They say you should never meet your heroes. Well, the Cairngorms have always held a heroic place in my mind. I’d never been there, barely even seen many photographs. I just had the impression that it was wild. It was a place where the foolish could come unstuck and the hardy could find beauty and solitude.
The Cairngorms Loop is an event born out of the same sorts of inspirations as EWE. A desire to put a British spin on ultra-distance racing. A desire to keep it lo-fi. And, frankly, an excuse for some of us to get together in the same place and have some fun. Steve Wilkinson organised in as minimal a way as possible with little more than a great route and a start time. I have a lot to thank him for there.
The night before the race, I bivied up in the woods near the start. Whenever possible, I’m too cheap for hotels – I prefer a bed of moss to a noisy dormitory or an expensive bed any day. Plus it kept me away from the other riders for a little while. I was unsure of what the event would hold. I planned to try to finish without sleeping but it had taken Steve 56 hours (including 2x 12 hour overnight stops) so that seemed like an aggressive goal. The weather potential was troubling. Strong winds, temperatures around 0C, and getting wet are a lethal cocktail. Like many others, I’d take a good honest -20C for preference. At least you know where you are. So, I didn’t want to mess with my head by hearing other people’s worries. I just took a nip of whiskey and some podcasts to a secluded spot for the night.
The pre-ride hour was a funny one. Steve was fitting a new rear mech to his still-muddy bike. I was packing gear into new bags for the first time ever. People who knew each other indirectly were making swift and sure acquaintance. It felt like a gathering of what I cared about in riding. Independence. Fortitude. And not taking yourself too seriously.
I was happy with my bike and I had prioritised my clothing. I took big ice climbing mittens in addition to cycling gloves: losing dexterity in your fingers is step one on a spiral to getting yourself into real trouble. I took moderately thick wool hiking socks and neoprene overshoes. I took a fleece that I have only ever worn while cycling in Alaska – and then only in the strongest winds or the coldest temperatures. I took a proper hard shell Goretex jacket: my experience of soft shells when your energy output is reduced by having to fix/push a bike has been cold and unpleasant. I felt confident that I had enough to keep going in most conditions. And I would survive (but probably not enjoy) a night in my light weight bivi down to the forecast low of -6C.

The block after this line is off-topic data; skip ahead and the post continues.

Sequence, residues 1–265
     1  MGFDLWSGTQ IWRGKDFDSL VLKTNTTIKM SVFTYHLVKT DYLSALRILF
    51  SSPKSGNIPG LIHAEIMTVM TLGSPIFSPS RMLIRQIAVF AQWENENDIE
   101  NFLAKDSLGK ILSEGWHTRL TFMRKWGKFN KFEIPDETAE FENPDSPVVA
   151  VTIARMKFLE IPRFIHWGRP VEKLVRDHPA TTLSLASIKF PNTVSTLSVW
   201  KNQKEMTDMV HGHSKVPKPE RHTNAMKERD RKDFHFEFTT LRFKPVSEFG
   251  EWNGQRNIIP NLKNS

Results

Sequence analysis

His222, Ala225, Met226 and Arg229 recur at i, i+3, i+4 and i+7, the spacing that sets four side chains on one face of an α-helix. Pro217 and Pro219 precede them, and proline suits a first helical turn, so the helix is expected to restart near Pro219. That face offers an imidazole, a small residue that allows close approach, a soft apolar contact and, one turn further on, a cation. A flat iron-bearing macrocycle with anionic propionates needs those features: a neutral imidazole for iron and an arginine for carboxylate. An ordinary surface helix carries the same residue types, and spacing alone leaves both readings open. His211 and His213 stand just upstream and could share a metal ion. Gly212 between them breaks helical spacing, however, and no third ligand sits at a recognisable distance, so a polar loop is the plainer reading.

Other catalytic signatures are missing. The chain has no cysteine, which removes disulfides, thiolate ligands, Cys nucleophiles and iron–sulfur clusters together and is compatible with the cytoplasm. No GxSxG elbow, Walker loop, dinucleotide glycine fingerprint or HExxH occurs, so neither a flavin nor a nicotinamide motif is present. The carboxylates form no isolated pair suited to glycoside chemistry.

Steve shouted, “Go!”, and we went. I chatted to a few people as the first few miles slipped by, but soon I found myself braking downhill on tarmac to stay out of the people in front. I did not like this. I knew that my resources (energy, wakefulness, food) were limited, and I knew that the good weather we had at that moment can soon close in, so I went. I rode away from the group like an antisocial git. But you’ve got to make miles while the going is good.
When the off-road started, it was still gentle. Zipping along a meandering boulder-strewn river, I was enjoying the moment. Putting some credit in the bank before the pushing began. When the GPS track first lead me through a river, I didn’t hesitate to get my feet wet. Soon enough, I had to get them wet again as I had been too keen to break the spell of dry feet and gone the wrong way.
Back on track, the trail started to lay out it’s intent. A vein of singletrack cut up and down the contour of a steep hill. Again and again my tyres twanged on rocks as I mishandled my lines. I was going to have to get my head for riding rocks back – this was not like riding in the South East. The engagement of riding was pure, though: no thought other than keeping up some poise and momentum, then satisfaction as I emerged onto easier trails once more.
The miles went by unbelievably quickly. I was lucky enough to have hooked up with Steve Heading after my little wrong turn and we passed time easily. It was a real pleasure to ride with him, but I did feel as if we were drawing each other towards an overly ambitious pace. It served a purpose, though, as I started to make guesses about when we might emerge from the inner loop on the route. The inner part was really the meat of the ride: more elevation and more hike-a-bike than anywhere else. If I could get down from there before sunset, I would be happy.
The inner loop soon kicked into more fun singletrack. I was even throwing little jumps in and playing with the bike. I hadn’t eaten much yet, relying on energy drink in the first fill of my bottles. But, with a little wisdom, I filled up from a river and started taking solid food. I wanted to stay on top of things, not have to come back from the brink of bonk.
Later, the pushing really started. Heading up An Lurg was beyond the effort I was prepared to put in under these circumstances: climb hard for 10 meters, hop a rain channel climb hard again, repeat until you’ve gained over 400 metres of elevation. Or just walk up the damned thing.
It was about here that the snow started. Really just for atmosphere and blown in on a gentle tailwind. When the trail finally did turn downwards again, I was in a “moment”. Again, it took full concentration to deal with the rocks. Now there was nothing between them, just more rocks. My friend speed and I rolled through as fast as we dared. As I saw Steve H a little ahead, I appreciated everything that had brought me here. Years of riding had given me the skills to find some flow on this rocky concoction even with rigid forks. Months of training had given me the strength to get up here. The luck to be born in the right place, and a lifetime of decisions, accidents and chances had put me right here: using all of my skill to ride in the wilderness, comfortable in the snow, and enjoying it.